“It gives it more energy to have more people,” she said. And nearly doubling the cast allows more opportunity for local women, from age 18 to retirement, to participate.
Anchoring the piece is “Gingy,” who serves as a stand-in for Beckerman.
“I’m playing Gingy, who’s kind of the narrator of the story,” said actor Doreen Shulz. “She starts out by looking at different outfits she’s worn, starting as a child and pretty much goes through her history from childhood to adult.”
That progression, with each outfit serving as a kind of time capsule, Shulz said, strikes home. “Everything that I talk about, I have a point of reference to,” she said. “I either remember it or I wore it myself.”
Through her narration, Gingy provides both the backbone and the connective tissue for the play’s 28 disparate stories.
Bras, boots, sweatshirts, bathrobes, mini-skirts, heels and purses all get their turn. And though the stories are ostensibly about the outfits, each piece serves as a catalyst for varied memories: some funny, some poignant, some sad.
“It’s a beautiful play,” Seal said. “It’s very intimate. It’s very funny at times and serious at other times. It’s intended for mature audiences and I think it’s just a beautiful piece of poetry.”
Here Seal makes an important point: this show is not for all audiences. The Ephrons themselves described it as “‘The Vagina Monologues’ but without the vaginas.” If that sentence is a bit too blunt for you, you might want to skip this production.
“There is some ‘tough’ language,” said Shulz. “And there is some subject matter in it that is not suitable (for younger audiences).”
A play about women’s wardrobes – advertised with a series of pink dresses – might not seem like the most enticing evening out for the gents, but Shulz said, “It’s certainly not a play just for women to come see. There’s some good laughs in it and it might give (men) a bit of insight to why women do the things they do and how they feel about certain things.”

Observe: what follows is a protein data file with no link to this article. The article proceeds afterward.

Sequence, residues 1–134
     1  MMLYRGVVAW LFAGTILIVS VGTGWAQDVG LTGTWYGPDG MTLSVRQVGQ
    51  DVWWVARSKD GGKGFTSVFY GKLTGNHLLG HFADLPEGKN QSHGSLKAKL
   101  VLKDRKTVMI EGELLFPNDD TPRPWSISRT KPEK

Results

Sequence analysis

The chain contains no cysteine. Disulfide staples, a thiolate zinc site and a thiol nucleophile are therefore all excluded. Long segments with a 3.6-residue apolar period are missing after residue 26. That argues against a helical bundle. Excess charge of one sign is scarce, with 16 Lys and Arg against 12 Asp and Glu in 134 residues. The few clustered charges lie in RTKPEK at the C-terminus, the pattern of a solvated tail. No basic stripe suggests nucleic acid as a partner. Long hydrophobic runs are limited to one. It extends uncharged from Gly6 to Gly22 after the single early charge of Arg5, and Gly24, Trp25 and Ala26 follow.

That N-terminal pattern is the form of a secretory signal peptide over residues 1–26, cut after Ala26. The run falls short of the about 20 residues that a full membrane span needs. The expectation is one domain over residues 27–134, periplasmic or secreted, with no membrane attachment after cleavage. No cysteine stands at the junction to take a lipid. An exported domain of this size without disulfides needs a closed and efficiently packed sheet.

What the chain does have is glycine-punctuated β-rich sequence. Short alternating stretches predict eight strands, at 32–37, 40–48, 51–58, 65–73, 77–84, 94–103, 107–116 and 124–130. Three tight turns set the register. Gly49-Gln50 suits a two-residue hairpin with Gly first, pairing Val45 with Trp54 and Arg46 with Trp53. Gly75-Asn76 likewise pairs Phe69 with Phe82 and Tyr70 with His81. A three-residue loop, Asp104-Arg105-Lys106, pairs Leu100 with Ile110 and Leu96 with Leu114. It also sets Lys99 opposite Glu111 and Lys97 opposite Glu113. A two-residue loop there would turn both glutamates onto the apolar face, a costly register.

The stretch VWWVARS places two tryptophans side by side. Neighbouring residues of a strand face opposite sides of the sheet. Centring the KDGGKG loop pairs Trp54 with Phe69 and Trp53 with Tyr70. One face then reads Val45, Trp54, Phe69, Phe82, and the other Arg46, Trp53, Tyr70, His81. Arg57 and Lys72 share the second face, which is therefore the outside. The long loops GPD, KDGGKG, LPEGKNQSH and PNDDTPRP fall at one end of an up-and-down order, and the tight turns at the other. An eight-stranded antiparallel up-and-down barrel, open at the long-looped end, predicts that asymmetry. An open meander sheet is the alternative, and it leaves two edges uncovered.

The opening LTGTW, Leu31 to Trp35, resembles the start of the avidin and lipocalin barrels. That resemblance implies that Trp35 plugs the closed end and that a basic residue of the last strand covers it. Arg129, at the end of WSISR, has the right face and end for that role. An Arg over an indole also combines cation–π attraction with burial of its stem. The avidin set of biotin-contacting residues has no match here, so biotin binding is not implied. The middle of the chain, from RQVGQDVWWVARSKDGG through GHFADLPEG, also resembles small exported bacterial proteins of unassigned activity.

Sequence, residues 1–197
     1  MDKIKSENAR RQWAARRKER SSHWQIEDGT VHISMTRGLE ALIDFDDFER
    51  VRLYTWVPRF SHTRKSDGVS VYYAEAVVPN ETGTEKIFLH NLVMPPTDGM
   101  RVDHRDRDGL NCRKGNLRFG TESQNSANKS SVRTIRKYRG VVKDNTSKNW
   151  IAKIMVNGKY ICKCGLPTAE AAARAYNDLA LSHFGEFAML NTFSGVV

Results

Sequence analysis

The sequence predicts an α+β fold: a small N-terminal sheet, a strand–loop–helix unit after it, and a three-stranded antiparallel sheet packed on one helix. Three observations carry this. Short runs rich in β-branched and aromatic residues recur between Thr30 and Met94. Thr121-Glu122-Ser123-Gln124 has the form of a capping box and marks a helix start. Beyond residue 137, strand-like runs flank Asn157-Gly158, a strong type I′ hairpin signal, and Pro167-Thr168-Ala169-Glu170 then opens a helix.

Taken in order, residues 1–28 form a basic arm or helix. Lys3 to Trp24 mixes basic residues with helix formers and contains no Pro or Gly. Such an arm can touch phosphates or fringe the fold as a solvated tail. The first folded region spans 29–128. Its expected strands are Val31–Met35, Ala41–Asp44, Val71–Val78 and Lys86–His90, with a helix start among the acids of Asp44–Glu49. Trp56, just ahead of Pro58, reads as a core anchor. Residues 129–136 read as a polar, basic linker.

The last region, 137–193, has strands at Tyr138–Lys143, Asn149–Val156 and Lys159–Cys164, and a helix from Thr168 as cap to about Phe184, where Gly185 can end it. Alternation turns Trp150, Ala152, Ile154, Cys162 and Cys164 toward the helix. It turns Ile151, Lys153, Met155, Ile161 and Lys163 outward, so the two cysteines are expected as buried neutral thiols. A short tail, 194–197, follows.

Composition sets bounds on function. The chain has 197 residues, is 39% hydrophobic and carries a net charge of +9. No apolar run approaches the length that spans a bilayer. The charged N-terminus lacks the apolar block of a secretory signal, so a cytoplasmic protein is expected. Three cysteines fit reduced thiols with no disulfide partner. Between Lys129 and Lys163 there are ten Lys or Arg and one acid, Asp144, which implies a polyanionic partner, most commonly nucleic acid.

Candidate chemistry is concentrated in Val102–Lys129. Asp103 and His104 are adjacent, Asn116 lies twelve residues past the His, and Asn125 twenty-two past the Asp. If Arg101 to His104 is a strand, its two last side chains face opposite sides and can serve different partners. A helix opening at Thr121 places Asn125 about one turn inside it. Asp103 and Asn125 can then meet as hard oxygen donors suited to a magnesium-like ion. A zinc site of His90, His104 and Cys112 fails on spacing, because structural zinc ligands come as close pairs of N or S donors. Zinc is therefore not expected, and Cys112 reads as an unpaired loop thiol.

There’s no doubt; the current hashtag movement aside, the play is written to be a “me too” experience for everyone – from the women who will cry “I’ve done that!” to the men who have seen them do it. Any man who has ever had a woman in his life is sure to relate.
A Reader’s Theatre Production
Because the stories – the words – are the focal point of the piece, “Love, Loss and What I Wore” is performed without theatrical frills. There are no elaborate sets, no expensive costumes, and no exaggerated props. Rather than memorizing lines and intricate blocking, the cast of nine, dressed in black, will perform their pieces while seated with their scripts right in front of them.
“It’s a more laid-back environment that puts the focus on the script,” said Seal. “The purpose of reader’s theatre is to keep the emphasis on the script – the words and the poetry of the piece. So there’s music stands and the actresses don’t have to memorize all those lines.”
Joining Shulz behind each of those music stands will be Cynthia Reddekopp, Michelle Rowe, Janet Veeneman, Buffy Davis, Jean Frantz, Connie Dodson, Melissa Shuran and Mary Camp.
“I’m so thankful and honored to direct this wonderful cast of ladies,” Seal said.
Dates, Tickets and Extras
Facility coordinator Fran Gray said there will be vendors on site before the show to share items and information “pertinent to women’s needs,” including products for self-care and pampering.
“It’s going to be an extraordinary evening,” Gray said, inviting patrons to wear significant outfits from their own closets. “You might bring a little hanky with you as well.”
The show opens Friday with performances at 7 p.m. on both Friday and Saturday at the South Jackson Civic Center, 404 S. Jackson St. A Sunday matinee on Feb. 4 begins at 2:30.
Tickets are $15 for adults and $13 for students. Tickets can be purchased online at southjackson.org or by phone at 455-5321.
Kelly Lapczynski may be reached by email at email@example.com.